Posts by Rachel Bradley

  1. Do You Know Which Of These Words Were Inspired By People?

    Did you know the word sandwich is named for a person? That’s right, the lunchbox special enfolding all food groups between two slices of bread is named for the 4th Earl of Sandwich, an English aristocrat who lived in the 1700s. Words named after people are called eponyms. How acquainted are you with the people who inspired these words? Take this quiz to see what …

  2. Do You Know The Most Famous Words From Our Favorite Movies?

    Movies are remembered for their soundtracks, cinematography, costume design, and special effects. But most of all, it’s the dialogue that people love (and love to quote). Sometimes, even one- or two-word quotes become emblematic of the whole movie—plus they’re, like, the easiest to remember. Or, are they? Read these iconic words, then see if you can correctly pick the flick that they come from! If …

  3. English Expressions From India That We Should All Be Using

    English is a major lingua franca, but that doesn’t mean native speakers of other languages around the world don’t put their own spin on English. Generally, if English has been introduced into a community (through colonization, missionary work, what have you), that community will find completely unique ways to use and reinterpret it, to make it “local.”  India is a top contender for using English …

  4. Which Words Did English Take From Other Languages?

    English is a More Varied (and Delicious) Melting Pot Than You Think … English—is one of the most incredible, flavorfully-complex melting pots of linguistic ingredients from other countries that’s been left to simmer for (in some cases) centuries. These linguistic ingredients are called loanwords that have been borrowed and incorporated into English. The loanwords are oftentimes so common now, the foreign flavor has been completely …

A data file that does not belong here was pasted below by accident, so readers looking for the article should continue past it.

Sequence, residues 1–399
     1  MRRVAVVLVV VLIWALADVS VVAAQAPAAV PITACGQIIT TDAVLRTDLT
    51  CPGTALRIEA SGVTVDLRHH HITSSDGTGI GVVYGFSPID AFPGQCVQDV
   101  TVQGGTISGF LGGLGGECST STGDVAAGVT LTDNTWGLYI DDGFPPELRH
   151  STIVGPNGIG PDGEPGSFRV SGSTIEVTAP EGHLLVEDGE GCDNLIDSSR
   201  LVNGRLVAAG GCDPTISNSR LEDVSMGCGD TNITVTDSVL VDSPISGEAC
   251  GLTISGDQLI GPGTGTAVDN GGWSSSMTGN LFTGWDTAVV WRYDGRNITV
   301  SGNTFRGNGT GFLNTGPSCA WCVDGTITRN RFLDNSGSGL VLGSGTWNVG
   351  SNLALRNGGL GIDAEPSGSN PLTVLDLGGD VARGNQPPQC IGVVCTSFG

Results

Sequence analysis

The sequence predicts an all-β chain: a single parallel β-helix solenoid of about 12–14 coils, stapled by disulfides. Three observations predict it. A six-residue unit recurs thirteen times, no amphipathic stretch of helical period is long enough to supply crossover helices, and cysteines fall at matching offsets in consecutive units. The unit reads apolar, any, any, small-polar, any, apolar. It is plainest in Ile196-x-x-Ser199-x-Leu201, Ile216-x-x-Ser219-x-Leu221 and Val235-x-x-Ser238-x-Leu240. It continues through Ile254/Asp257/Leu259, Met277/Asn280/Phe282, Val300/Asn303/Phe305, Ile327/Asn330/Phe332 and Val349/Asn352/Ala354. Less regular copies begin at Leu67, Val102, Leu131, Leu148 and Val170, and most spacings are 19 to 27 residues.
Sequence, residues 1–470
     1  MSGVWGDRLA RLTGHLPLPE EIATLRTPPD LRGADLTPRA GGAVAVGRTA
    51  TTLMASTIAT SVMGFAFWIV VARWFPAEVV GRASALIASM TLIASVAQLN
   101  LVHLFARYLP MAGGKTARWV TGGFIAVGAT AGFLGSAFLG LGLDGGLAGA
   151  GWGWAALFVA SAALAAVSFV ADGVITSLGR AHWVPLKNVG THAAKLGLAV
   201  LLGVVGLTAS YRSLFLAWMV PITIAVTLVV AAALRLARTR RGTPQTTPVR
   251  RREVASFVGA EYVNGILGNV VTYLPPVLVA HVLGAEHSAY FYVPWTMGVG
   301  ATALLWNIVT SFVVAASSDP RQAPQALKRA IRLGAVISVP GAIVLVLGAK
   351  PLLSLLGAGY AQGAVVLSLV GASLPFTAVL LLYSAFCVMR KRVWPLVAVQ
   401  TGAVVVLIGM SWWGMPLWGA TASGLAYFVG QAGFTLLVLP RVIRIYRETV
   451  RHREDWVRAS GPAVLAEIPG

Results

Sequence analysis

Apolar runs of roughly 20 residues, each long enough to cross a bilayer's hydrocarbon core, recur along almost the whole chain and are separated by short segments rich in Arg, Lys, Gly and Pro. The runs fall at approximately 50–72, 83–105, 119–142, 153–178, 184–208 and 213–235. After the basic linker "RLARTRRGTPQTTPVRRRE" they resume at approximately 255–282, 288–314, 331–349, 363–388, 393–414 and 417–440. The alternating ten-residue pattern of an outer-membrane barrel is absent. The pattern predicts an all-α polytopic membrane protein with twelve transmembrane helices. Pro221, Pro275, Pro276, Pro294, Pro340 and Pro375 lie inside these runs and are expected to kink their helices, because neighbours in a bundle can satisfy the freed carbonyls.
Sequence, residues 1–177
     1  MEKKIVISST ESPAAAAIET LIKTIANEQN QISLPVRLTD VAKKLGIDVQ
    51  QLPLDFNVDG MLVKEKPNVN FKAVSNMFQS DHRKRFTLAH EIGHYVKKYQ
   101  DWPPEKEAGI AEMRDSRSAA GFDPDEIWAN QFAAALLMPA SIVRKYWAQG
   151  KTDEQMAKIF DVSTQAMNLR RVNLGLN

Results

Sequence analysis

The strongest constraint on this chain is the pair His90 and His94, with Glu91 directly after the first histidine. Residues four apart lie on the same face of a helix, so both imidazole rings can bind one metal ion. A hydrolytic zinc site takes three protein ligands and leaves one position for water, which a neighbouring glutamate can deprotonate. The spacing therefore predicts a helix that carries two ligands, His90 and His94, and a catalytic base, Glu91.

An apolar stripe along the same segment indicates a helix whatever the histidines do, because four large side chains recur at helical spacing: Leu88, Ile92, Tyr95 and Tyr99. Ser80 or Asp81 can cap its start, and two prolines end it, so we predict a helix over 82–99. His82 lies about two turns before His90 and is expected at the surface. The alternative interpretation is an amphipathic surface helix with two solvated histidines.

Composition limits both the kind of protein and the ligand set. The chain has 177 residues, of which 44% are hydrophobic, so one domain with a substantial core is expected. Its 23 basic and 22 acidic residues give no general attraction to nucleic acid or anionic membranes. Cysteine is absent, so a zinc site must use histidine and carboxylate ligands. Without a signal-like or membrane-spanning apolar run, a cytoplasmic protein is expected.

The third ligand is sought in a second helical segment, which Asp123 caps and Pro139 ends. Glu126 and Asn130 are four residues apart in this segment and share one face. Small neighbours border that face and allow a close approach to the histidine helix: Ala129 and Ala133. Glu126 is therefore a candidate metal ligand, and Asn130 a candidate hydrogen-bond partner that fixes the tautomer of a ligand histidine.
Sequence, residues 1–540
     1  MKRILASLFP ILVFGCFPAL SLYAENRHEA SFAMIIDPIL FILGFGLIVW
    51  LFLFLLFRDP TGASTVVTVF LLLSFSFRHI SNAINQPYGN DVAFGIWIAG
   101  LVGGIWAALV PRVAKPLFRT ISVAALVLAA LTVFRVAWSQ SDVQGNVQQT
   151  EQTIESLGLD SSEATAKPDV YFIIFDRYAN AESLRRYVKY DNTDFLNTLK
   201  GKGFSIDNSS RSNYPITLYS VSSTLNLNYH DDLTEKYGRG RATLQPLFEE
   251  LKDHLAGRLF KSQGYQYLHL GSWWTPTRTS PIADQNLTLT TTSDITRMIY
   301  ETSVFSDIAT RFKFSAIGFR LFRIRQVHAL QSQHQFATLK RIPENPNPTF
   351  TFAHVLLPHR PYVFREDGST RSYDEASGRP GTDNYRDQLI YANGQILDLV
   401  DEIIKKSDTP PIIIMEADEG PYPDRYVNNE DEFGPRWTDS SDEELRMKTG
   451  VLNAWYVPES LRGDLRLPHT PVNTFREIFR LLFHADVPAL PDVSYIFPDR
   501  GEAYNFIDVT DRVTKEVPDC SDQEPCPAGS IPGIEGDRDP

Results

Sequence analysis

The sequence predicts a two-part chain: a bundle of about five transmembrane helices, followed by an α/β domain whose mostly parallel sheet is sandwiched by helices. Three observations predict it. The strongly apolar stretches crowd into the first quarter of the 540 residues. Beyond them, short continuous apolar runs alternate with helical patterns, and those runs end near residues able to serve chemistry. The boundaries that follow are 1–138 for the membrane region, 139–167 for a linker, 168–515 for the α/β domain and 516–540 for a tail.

5. Can You Identify Literature’s Famous Opening Lines?

    The opening line of any book should say—in the words of Stephen King—“Listen. Come in here. You want to know about this.” Right? So intriguing! But, alas, that is not how books begin. So, how well do you know the actual opening lines from some of literature’s greatest novels? Correctly match these memorable openers with their works of fiction and consider yourself an excellent listener! …

  6. Pinterest

    Literature’s Most Lovable Grumps

    When life gives you lemons, make lemonade! That cheer-boosting adage works for some people, but others are perfectly happy sucking sour lemons. Literature is full of chipper lemonade-makers, but there’s something about those lemon-sucking grumps that draws readers in. Is it their angsty sarcasm? Their jaded world-weariness? Their stubborn dedication to doom-and-gloom even when everything else is giggles and rainbows? Are Negative Nancys somehow more …

  7. English Words From The Pharaohs

    Most people recognize Ancient Greek and Latin as the primary donors to the English language. However, some of the most ancient words in English actually trace back to Ancient Egypt.  Distinct from the contemporary Egyptian Arabic spoken today, Ancient Egyptian is a unique Afro-Asiatic language that doesn’t really share similarities with other languages in the family (like Arabic, Hebrew, or Berber). Its 5,000 year-old history generally …

  8. Foxy, Catty, Fishy: Are These Traits For Animals Or Humans?

    Catty It seems horribly unfair to adorable cats that catty is a human descriptor meaning “devious or spiteful” (and usually in reference to female behavior). What gives? The word cat has been around since the year 700. But then, in the Middle Ages, cat became one of the many offensive terms against women and was slang for “prostitute.” The association might have been made because …

  9. The Most Adorable Ways To Avoid Cursing

    Sometimes, there’s nothing more satisfying than belting out a four-letter taboo—or a string of them. When little G-rated ears are present, however, cussing isn’t an option (“flipping freaking frothy fudgecicle!”). Whether overhearing ears are young and tiny or old and sensitive, inoffensive swearword stand-ins are often needed. To help ease the burden of sanitizing your swearing (it’s tough, we know), we’re delving into the origins …

  10. Know Your Meme

    The Original Memes (Before Memes)

    The word meme, coined in 1976 by the evolutionary biologist Richard Dawkins, goes way beyond social-media pixels. Meme captures the concept of “cultural transmission” of ideas in general, where customs and ideas spread from brain to brain.  Which means memes have been around longer than Success Kid or Kermit sipping tea. Wildfire ideas have been around as long as humans have—in fact, discovering fire is …

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